RE: The Democrats are Blowing the Election—and the Catholic Vote
"Dems were actually making inroads among faithful Catholics fed up with George Bush—" Faithful Catholics! Did you mean to write "uninformed faithful Catholics"? I am not aware of any Republican party platform position since 1980, that fundamentally opposes any formal Church teaching dealing with the Natural Law. The Democrat party platforms since 1976 have been full of anti-Natural Law positions.


RE: How to avoid the next war
Angelo, your use of the expression "fear mongering" suggests that all those who oppose your position on the Iraq invasion are in some way morally deficient, or perhaps mentally unstable. This kind of rhetorical flourish is tiresome and counterproductive. Reasonable people can hold different views on the wisdom of the Iraq invasion.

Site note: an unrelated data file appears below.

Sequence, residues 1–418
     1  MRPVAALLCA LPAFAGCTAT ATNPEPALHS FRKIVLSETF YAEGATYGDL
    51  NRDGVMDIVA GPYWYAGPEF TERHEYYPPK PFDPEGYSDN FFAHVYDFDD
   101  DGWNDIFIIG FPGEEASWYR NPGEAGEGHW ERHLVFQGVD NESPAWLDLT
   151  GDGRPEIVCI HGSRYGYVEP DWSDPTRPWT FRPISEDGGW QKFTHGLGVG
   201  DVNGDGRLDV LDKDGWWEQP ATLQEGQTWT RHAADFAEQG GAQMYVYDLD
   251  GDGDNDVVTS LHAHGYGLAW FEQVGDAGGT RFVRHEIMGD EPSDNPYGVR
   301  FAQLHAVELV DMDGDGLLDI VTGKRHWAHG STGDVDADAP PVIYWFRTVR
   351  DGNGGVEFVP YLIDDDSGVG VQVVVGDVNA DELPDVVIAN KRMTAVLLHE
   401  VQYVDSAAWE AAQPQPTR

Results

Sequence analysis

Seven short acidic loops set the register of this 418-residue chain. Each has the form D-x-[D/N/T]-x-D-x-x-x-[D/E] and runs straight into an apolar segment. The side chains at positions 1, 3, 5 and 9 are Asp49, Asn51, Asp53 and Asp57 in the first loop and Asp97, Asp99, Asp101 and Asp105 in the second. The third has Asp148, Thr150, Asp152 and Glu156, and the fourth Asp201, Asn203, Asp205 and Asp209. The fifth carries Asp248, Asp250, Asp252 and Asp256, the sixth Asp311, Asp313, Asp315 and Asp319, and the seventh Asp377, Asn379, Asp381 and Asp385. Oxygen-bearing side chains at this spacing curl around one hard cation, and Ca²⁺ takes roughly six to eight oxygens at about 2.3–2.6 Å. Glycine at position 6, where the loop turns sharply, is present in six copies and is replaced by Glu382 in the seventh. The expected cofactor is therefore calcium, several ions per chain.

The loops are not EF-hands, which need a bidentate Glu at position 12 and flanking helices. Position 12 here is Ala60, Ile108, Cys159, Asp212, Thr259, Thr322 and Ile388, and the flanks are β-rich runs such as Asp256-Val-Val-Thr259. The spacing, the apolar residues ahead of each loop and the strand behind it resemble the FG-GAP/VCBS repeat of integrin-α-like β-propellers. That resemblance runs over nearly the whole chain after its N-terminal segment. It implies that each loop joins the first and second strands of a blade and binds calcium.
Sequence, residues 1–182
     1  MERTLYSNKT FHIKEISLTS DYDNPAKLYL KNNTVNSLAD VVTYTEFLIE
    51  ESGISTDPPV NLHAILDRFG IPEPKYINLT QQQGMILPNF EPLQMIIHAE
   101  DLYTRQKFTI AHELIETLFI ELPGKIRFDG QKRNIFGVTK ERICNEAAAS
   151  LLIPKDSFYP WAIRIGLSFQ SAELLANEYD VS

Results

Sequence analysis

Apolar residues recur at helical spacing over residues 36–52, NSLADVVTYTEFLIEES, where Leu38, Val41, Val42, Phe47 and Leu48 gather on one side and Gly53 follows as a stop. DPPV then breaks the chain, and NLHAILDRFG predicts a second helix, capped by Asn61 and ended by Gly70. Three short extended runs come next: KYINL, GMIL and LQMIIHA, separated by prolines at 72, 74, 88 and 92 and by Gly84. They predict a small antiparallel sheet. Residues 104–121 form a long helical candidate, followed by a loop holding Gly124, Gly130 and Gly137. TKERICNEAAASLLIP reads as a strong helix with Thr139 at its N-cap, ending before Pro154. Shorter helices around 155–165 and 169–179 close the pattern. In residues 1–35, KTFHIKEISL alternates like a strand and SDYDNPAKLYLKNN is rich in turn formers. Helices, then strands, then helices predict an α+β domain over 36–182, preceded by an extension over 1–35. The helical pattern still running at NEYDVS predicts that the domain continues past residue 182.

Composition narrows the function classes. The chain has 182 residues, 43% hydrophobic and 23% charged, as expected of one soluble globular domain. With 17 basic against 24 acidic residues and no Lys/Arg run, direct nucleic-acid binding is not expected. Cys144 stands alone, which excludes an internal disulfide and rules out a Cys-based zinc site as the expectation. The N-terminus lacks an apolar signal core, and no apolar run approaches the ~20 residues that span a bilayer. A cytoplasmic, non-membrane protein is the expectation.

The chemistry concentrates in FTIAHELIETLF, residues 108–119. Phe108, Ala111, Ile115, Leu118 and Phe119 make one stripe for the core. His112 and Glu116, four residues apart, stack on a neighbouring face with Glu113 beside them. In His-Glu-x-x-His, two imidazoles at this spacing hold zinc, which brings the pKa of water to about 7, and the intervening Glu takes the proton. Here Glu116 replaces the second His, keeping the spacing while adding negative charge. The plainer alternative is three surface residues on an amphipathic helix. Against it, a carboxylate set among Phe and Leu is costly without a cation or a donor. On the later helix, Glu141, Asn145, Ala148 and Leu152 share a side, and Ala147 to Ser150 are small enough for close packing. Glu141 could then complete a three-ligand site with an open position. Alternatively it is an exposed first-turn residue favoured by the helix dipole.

RE: How to avoid the next war
Angelo said: "Fearmongering is how I would describe the overall tone of the Republican Party’s foreign policy stance. It’s a great logical leap to say that characterization implies what you say." According to the Webster's New Collegiate Dictionary, a fear-monger is one who "deals" or "brokers" in fear, or "who attempts to stir up or spread (fear) that is petty or discreditable." Therefore, fear-mongering is a vice and the fear-monger is a liar, and arguably, those who believe fearmongers are rather dull-witted, imprudent, or deranged. Thus, I stand by my prior assertion, since it is based upon the accepted definition of the term and reasonable inferences therefrom. To call George Bush or John McCain or other Republican party leaders fear-mongers is inflammatory. I just wish that you would refrain from using inflammatory language against Catholics and sincere Christians and patriots who disagree with your positions on war and peace. There is plenty of room for discussion and disagreement over these matters that are clearly matters of prudence without resorting to such language. Peace!


RE: The Right’s Hypocritical Crusade against Wall Street